Tuesday, July 14, 2009

Hyperemesis: Part I

It was a year ago that I told Jake I couldn't swim with him.

"Why not, Mommy?" he asked.

It was a reasonable question. We were at the swim club. I was in a bathing suit. It was summer.

"Mommy's sick, honey," I said. I held up the black bag that my BFF Liz told me to deem as the newest fashion accessory if anyone asked. Didn't you see it in Vogue? You didn't? Too bad for you because it's the new rage. The black bag, a smallish purse about a foot long and ten inches wide was attached to me -- literally -- for the first five months I was pregnant with Elke.

Beautiful Elke. This picture, a reminder that I made it through.

I had been diagnosed with hyperemesis gravidarum, a severe form of morning sickness that had put me in the hospital twice in a ten-week period. I was almost three months pregnant and down to 114 pounds. Couldn't eat. Couldn't puke. Couldn't do anything but roll in a ball. Television hurt. The sun hurt. Sheets hurt. I wanted to live under the covers. I wanted to live under the bed and not come out until the nausea stopped pulling me down under and stopped sucking the life out of me.

Inside my fashionable bag was a syringe and a motorized pump that continuously fed me Zofran, a powerful anti-nausea drug typically given to cancer patients. Every morning and night, I injected my thigh, my waist, or what was left of the fatty part of my emaciated belly with a new needle and refreshed the syringe. The Zofran took the edge off -- when it was working. It wasn't a miracle drug. It allowed me to eat three tamari rice crackers.

Andy took Jake's hand. "Come on, buddy. I'm here to go in the pool with you. Mommy will just watch us."

Andy kissed me. "At least you're out of the house, babe," he said. For the first time that week. But I was angry at this disease for taking away the joy of a pregnancy. Of our new life together. I was desperate to have a baby. Now, I was desperate not to be pregnant.

Jake was only four years old and was just learning how to swim. His wonderful body flailed in the water. Blowing bubbles and then erupting to the surface. "Did you see that, Mommy? Did you see that?"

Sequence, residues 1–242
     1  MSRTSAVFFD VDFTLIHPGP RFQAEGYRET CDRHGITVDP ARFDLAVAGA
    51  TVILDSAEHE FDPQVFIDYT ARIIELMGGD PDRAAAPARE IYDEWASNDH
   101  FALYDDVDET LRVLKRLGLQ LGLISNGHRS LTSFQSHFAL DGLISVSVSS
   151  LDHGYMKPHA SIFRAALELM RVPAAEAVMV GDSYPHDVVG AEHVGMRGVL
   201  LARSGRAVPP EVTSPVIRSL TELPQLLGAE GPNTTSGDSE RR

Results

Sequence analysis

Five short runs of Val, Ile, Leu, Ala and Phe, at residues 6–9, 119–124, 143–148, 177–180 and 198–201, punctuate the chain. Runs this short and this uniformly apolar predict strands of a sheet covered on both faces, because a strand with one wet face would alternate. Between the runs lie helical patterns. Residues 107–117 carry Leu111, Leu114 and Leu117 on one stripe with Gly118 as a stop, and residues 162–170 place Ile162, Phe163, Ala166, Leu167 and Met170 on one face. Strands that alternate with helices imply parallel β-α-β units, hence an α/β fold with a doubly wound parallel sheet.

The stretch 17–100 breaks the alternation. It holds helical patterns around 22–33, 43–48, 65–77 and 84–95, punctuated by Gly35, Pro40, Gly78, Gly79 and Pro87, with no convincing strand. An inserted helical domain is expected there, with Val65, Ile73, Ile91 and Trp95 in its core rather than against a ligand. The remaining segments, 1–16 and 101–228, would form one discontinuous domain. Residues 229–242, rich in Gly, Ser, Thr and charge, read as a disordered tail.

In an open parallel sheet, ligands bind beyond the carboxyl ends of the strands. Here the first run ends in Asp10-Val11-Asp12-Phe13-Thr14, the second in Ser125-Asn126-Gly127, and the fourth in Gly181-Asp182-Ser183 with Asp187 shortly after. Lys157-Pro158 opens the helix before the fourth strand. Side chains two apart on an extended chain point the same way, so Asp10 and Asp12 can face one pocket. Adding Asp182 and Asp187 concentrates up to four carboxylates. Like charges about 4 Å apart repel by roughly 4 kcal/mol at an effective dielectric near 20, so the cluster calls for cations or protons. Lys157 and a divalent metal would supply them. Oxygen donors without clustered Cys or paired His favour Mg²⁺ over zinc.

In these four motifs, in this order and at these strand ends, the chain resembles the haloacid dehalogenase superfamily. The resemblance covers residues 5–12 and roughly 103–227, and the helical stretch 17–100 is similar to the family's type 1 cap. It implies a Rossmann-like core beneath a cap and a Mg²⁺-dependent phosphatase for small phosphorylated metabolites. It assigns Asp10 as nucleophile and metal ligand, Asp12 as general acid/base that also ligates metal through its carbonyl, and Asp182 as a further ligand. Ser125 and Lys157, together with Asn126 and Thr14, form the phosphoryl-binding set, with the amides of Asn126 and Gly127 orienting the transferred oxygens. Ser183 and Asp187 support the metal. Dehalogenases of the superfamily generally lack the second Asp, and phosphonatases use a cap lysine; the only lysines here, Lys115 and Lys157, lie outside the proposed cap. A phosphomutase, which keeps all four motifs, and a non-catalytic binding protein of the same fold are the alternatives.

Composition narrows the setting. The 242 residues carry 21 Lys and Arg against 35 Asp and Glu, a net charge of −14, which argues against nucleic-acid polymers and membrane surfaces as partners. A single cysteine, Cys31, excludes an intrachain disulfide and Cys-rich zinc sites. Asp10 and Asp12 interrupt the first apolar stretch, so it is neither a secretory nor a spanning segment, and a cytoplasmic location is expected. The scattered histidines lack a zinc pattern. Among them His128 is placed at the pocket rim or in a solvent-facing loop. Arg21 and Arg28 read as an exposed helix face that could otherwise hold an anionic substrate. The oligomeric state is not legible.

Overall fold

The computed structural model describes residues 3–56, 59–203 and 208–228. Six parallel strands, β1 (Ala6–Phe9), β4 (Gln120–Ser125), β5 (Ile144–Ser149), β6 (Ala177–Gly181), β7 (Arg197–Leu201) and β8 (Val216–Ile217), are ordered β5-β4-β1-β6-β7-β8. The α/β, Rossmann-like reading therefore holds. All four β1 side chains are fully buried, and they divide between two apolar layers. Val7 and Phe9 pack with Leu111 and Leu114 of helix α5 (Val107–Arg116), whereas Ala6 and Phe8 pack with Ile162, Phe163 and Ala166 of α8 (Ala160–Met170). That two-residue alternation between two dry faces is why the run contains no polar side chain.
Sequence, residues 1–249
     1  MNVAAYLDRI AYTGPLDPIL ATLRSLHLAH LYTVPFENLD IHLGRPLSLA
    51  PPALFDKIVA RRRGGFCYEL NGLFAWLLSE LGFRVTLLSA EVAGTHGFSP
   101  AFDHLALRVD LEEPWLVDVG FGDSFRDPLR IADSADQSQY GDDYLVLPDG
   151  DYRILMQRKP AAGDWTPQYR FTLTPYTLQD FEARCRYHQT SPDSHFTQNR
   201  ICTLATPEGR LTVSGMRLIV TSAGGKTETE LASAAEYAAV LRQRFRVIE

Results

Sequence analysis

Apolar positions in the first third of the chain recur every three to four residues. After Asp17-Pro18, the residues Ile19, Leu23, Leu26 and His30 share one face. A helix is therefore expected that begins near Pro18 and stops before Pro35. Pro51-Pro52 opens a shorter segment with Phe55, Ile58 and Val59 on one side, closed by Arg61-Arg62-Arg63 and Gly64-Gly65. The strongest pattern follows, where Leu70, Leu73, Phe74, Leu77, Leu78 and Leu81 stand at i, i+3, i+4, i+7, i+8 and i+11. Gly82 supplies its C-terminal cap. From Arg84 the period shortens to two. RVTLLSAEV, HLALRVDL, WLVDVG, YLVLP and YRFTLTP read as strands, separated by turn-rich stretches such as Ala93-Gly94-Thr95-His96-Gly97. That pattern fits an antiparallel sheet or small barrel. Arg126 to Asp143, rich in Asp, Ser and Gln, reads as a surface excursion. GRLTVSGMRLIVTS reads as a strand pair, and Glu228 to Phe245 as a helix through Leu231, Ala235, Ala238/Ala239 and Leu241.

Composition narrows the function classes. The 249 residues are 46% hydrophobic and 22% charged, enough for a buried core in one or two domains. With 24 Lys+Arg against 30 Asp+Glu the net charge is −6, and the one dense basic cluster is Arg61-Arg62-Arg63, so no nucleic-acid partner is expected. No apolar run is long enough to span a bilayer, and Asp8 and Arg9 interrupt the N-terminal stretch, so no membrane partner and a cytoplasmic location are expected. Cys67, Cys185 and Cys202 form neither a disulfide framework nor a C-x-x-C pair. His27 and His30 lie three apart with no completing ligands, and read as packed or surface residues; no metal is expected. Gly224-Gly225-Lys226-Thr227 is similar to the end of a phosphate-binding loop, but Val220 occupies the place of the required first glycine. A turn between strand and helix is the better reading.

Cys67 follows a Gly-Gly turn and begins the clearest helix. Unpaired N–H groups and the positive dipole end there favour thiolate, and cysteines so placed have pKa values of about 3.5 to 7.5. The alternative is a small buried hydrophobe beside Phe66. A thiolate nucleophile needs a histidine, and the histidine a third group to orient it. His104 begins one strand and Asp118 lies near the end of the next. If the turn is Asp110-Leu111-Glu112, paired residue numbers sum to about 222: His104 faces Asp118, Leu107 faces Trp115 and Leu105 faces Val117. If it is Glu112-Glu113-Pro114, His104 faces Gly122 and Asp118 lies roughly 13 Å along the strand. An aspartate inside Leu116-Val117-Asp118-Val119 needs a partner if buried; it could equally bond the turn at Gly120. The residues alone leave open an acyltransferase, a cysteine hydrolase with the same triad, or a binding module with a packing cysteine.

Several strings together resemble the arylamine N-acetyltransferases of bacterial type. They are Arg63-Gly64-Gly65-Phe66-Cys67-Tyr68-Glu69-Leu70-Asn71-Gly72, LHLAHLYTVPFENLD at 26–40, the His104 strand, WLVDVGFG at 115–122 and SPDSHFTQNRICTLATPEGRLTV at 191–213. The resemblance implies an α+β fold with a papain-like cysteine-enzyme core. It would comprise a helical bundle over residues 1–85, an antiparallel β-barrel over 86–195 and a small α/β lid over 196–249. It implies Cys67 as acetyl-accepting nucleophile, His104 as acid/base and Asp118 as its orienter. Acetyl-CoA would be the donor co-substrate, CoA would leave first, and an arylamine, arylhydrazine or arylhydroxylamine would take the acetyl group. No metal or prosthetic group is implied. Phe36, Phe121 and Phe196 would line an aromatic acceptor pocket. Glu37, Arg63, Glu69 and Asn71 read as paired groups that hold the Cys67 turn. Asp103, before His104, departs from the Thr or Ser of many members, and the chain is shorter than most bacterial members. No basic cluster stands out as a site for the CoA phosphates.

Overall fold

In my haze, I saw him. Like a zombie, unable to experience anything but the weight of my thin body. I shuffled to a blue, grimy lounge chair in the shade. My legs, lifeless and weak. My mind, warped from the hormones, and the nausea, and the drugs. Watching like a spectator as my son learned to swim.

The hyperemesis made me doubt my ability and my identity as a mother. I could barely take care of Jake, let alone the baby growing inside me, whose new home in my womb was infested with depression and the steady flow of Zofran. Imagine if it was 100 years ago, Andy and I would say. I'd be gone.

An older woman sat next to me and asked what the bag was for. So I told her.

"What we do for our children," she said.

I nodded, thinking, yes. What we do. This experience would be Jake's first lesson in sharing Mommy with a sibling, I thought, as I sipped my savior, Lemon-lime Vitamin Water.

I read blogs of people who have not survived breast cancer. People who have had miscarriages. Who are burned in plane crashes. Real, real tragedies from people who still have an incredible outlook on life. I cry for them. I ache for them. My hyperemesis wasn't traumatic like those losses - but the unrelenting nausea was devastating and debilitating. Ask any woman with hyperemesis to look outside her mind at what she has to look forward to, and she will tell you in that moment... she is unable. Being pregnant and unable to At least 25% of women polled in a study by the Hyperemesis Foundation have aborted at least one pregnancy. I certainly contemplated it as well. Is this really worth it, I couldn't help but think. (Of course now, I see it totally was. Because, holy shit, I love that little girl like nobody's business.)

"Mommy's going to feel better soon," I told Jake when he got out. I wrapped him up in his favorite dinosaur towel and pulled him tight I hoped. I hoped. I hoped.

More on this...


  1. Hi. I love your blog. I just ran into it through a web search. You are amazing!!
    I had HG twice and like you, felt miserable, alone and completely debilitated. It was the most traumatic experience of my life!!!

    It was so hard to be so sick and still tey to take care of my two year old. It feels so unfair that they have to suffer too because you can't be the mommy they need you to be. :(
    No one could ever truly understand.

    Unfortunately, Zofran was the strongest drug I ever found and unfortunately, it wasn't strong enough for me either! :(

    I just started a blog about my experience too.
    Please stop by at babyyouremakingmesick.blogspot.com

    Thanks for sharing your story!

  2. Hi - thank you for your nice words. I just checked out your site and I CANNOT believe what you went through twice. I got the IUD two months after giving birth - and it still puts me back into a depression when I think about my pregnancy. It was like slow torture, right? Thankfully though, I have my beautiful daughter that helps me forget how bad it was - and I wouldn't trade her for the world!

    Anyway, thanks for finding me... and glad to hear you made it through.


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